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Polarized politics necessitate teacher neutrality

Written by Stephy Jackson

Over the course of the last few months, discus- sions about politics have become increasingly polarized. The 2016 presidential election sparked political tension across the nation in the form of rallies, protests and campaigns. These tensions have been unavoidable, even in the classrooms at Gunn, raising questions about whether teachers should remain politically neutral in the classroom. Teachers at Gunn should remain politically neutral in the classroom to promote an inclusive and accepting environment on campus.
In 1996, the Governing Board of the San Diego School District banned teachers from wearing political buttons in the classroom, sparking outrage from teachers arguing that the ban violated their freedom of speech. However, the Supreme Court of San Diego ruled in favor of the Governing Board. e reasoning behind this case can be applied to the political climate at Gunn—teachers may be expressing their freedom of speech at the cost of others. In Palo Alto specifically, students who do not affiliate with the majority can feel extremely isolated when their teachers do not acknowledge their political views. According to Home Facts’ most recent poll during the 2016 election cycle, 69.7 percent of registered voters in Palo Alto are Democrats, 28.2 percent are Republican and the rest are independent. Due to the population divide between political parties in Palo Alto, those affiliated with the political minority often feel isolated from the rest of the community.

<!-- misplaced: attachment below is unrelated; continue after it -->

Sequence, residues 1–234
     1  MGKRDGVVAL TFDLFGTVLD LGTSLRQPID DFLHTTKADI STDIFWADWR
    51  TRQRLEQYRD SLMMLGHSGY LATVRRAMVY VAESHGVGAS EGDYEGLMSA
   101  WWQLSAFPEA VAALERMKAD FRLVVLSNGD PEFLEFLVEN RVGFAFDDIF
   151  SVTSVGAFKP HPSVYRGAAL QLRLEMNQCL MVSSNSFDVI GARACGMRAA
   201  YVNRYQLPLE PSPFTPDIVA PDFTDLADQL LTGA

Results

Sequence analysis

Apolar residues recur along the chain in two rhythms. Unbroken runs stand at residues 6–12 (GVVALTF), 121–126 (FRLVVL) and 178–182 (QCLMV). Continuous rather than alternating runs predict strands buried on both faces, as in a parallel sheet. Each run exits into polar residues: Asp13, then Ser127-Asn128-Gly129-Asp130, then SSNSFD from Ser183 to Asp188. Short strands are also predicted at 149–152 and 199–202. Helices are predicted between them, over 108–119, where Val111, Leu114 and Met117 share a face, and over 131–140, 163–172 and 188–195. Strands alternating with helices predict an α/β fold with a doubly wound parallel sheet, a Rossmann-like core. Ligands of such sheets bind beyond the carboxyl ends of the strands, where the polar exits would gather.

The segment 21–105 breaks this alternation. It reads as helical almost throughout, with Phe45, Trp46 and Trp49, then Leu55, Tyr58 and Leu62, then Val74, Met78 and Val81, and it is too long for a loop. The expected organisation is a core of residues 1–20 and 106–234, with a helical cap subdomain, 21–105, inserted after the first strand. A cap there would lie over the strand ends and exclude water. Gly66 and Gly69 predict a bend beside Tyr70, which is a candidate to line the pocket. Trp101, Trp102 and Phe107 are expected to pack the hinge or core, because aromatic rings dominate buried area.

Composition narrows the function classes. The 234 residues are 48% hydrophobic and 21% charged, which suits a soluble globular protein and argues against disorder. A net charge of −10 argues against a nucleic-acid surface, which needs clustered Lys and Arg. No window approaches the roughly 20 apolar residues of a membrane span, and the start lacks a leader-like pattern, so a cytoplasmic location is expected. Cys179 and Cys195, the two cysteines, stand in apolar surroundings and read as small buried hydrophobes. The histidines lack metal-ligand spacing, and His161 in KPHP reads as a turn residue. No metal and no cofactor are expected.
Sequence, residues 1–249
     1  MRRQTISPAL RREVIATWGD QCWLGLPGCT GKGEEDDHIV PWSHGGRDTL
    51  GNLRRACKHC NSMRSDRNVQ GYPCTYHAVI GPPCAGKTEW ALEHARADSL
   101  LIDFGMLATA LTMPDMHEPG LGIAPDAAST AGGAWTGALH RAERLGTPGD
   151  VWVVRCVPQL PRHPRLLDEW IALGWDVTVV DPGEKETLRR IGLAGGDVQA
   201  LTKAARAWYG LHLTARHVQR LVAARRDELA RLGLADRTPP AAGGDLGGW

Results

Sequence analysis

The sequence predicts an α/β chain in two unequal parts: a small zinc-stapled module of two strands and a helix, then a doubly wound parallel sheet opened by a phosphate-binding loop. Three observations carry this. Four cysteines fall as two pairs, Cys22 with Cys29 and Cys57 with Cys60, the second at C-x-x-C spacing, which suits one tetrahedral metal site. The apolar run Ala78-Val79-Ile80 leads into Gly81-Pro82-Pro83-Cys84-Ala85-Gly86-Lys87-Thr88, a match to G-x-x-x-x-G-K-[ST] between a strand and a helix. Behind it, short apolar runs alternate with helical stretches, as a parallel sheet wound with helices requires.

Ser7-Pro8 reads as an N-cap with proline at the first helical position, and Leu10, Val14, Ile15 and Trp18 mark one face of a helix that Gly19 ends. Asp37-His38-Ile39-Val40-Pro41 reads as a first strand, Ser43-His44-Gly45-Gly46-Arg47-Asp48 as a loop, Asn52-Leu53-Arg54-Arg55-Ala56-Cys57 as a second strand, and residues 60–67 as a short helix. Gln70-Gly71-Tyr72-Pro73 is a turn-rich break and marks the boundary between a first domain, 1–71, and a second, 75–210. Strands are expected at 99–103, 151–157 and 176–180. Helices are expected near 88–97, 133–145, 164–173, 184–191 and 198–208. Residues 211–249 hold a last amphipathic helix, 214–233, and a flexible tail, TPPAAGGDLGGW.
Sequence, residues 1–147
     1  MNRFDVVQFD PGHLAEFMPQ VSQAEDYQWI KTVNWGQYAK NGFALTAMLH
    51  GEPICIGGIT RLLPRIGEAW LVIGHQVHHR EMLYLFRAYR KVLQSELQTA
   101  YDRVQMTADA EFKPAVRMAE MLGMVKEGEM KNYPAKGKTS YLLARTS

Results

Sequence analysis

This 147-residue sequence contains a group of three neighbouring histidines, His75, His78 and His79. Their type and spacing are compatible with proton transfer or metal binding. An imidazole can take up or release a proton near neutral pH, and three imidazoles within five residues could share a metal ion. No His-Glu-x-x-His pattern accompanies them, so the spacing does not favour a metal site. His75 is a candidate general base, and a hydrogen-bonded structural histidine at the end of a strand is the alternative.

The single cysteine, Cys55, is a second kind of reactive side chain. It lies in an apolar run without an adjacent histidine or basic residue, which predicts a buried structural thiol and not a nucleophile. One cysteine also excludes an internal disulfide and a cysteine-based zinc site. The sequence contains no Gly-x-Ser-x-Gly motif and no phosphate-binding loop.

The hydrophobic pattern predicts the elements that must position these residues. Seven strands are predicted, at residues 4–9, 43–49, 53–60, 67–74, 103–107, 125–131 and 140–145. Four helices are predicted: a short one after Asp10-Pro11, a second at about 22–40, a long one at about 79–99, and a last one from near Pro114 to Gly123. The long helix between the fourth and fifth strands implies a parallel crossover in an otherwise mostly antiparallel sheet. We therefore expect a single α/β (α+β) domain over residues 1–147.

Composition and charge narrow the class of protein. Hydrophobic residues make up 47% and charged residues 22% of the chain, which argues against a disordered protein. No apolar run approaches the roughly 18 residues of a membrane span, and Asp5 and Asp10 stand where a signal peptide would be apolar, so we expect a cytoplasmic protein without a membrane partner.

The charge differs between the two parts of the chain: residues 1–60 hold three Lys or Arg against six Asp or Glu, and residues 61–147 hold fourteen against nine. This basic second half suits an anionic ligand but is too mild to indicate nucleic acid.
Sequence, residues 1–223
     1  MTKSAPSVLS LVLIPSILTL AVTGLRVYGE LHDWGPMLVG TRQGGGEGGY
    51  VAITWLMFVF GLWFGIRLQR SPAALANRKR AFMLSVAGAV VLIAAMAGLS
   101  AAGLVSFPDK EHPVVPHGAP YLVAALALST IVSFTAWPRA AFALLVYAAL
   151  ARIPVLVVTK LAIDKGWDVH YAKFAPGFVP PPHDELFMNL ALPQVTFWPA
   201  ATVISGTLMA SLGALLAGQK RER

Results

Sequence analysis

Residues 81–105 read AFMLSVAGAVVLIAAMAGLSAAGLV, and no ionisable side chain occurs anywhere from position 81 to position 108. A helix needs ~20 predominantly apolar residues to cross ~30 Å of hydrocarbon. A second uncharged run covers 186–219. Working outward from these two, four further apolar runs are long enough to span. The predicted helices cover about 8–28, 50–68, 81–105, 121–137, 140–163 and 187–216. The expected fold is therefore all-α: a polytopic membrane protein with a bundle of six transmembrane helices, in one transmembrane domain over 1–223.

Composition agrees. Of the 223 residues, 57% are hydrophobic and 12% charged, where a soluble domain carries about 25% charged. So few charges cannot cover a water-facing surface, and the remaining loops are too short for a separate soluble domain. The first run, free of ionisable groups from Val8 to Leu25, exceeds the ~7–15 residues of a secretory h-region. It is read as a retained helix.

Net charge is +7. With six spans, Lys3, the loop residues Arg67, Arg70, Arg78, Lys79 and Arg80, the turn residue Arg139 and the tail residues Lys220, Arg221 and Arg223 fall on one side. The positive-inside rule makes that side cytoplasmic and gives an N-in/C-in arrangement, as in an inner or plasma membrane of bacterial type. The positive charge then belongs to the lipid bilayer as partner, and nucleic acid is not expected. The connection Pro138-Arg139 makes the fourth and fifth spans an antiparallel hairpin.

Following the election of President Donald Trump, the American Civil Liberties Union of Washington (ACLU) published a document of guidelines for teachers in the Freedom of Speech in the Classroom. On the topic of the First Amendment, the ACLU published that, “What you say or communicate inside the classroom is considered speech on behalf of the school district and therefore will not be entitled to much protection.” In other words, when Gunn teachers are in the classroom, they are representing the Palo Alto Uni ed School District (PAUSD). Therefore, when teachers choose to express their personal, non-neutral views on politics, they are actually speaking on behalf of PAUSD and overstepping their boundaries.

 

Teachers who do not remain politically neutral in the classroom are not only potentially suppressing the freedom of speech of others but are also abusing their position of authority. e role of teachers is to teach students how to think, not what to think. A crucial skill that students should learn is how to form their own political views based on their own morals and perspectives on politics. Instead of using their position of authority to promote a political bias, teachers should use their authority to promote political awareness from a neutral standpoint and encourage tolerance of all political views. In order to achieve this objective, teachers cannot impose their political agenda on students. Teachers do not have to avoid politics altogether: they should just